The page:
The continued importance of high school personnel’s support in the high-school-to-college transition, by Kathryn Fishman-Weaver

Creative Commons image from Flickr user KathrynFW

Creative Commons image from Flickr user KathrynFW

My student Kristan sends me an email. She is studying theater in Europe. Her first research paper is due in a couple weeks and she wants to know if I will look it over.  Although she graduated last May, she is still my student. I am glad to help her. I am also uniquely suited to do so, not because of special talents or compassion, but because of the rapport I’ve built with Kristan and my other students over their formative high school years. In this piece, I explore the role high school personnel (teachers and counselors specifically) can and should play in students’ transition from high school to college. A study by the Carnegie Foundation for the Advancement of Teaching on undergraduate education in the United States reported “one of our most disturbing findings is the discontinuity that exists between the public schools and institutions of higher learning” (Boyer, 1986, 284). The purpose of this article is two-fold. First, I argue that high school teachers and counselors have the potential to be important supports for undergraduates as they navigate their freshmen and sophomore years. Secondly, I claim that because undergraduate support is not included in the scope of high school personnel’s work or within our notions of PK-16 education, that this continued student–teacher relationship is underutilized.

The transition to higher education can be jarring (Boyer, 1986; Jensen and Hovey, 1982; Venezia and Jager, 2013). I see this in the reasons that my former students reach out (or back) to me from college: for simple social-emotional support, academic writing, and letters of recommendation. College preparedness encompasses both academic and nonacademic skills (Venezia and Jager, 2013). College preparedness is also a process that continues to develop in higher education. It is important to make a couple distinctions here. First, this article is not on academic college readiness, which is a separate and important issue. Second, needing occasional support is not analogous with being underprepared.  As a teacher of gifted and advanced placement courses my students are very academically prepared for college coursework. This work benefits all students; even academically prepared students need support, particularly in times of major transition. The high availability of technology through computer labs and media centers in higher education institutions creates a more equitable platform for students to communicate with mentors and advisors across geographical locations. Although students can use this media to communicate with a wide range of advisors, the focus herein is on the potential of continued communication with high school personnel.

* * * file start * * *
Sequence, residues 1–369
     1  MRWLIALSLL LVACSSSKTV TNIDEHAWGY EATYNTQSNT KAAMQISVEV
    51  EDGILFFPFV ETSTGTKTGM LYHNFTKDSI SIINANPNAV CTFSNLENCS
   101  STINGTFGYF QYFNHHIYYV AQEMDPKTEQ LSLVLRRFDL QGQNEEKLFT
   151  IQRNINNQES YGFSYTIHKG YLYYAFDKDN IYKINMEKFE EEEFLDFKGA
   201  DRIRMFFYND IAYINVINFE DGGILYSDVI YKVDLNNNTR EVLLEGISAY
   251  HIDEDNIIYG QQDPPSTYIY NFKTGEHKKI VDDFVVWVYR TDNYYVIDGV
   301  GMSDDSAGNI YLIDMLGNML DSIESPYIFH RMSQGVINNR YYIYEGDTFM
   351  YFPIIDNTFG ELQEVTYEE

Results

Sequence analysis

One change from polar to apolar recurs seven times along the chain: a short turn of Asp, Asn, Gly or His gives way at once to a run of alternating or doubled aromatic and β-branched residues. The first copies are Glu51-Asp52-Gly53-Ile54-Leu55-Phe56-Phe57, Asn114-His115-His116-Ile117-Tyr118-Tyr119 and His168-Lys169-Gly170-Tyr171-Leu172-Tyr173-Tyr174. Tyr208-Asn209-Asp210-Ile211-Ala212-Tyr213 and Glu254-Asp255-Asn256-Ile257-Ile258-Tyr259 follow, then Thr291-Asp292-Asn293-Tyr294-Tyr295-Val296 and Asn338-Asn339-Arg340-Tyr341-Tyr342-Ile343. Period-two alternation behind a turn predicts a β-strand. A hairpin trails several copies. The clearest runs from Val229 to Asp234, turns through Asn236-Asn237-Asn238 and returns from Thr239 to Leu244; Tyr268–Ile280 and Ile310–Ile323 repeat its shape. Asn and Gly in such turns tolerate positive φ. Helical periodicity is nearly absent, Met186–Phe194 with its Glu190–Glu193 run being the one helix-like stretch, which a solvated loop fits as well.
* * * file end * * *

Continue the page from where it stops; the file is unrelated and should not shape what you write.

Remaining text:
Why don’t undergraduates, particularly freshmen, reach out to their professors or college personnel instead? Deborah Hirsch (2010) addresses this question in part in her article on the high school to college transition. Hirsch cites the “college fear factor” coined by Rebecca Cox. In essence, Hirsch explains that many college students are intimidated (at least initially) by higher education personnel. While students are working through the college fear factor it makes sense for them to reach back to educators they are already comfortable with (e.g. high school personnel). As a transformational leader, an important piece of this relationship is to empower my alumni students in their journey to professionally self-advocate with the powers-that-be at their own institutions. However, I recognize that this work can take time and having a trusted mentor can provide powerful assistance along the way. Transformational leadership focuses on a sharing of power and compassionate concern for followers (Kezar et al. 2006, 34). It is distinguished by its focus on morals and ethics. I contend that continuing to support students post-graduation is the morally right thing to do. Shields (2004) writes, “Educators must become transformative leaders, develop positive relationships with students such that children may bring their own lived experiences” into student: teacher dialogue (113). Student–teacher relationships and dialogues often continue and evolve over time.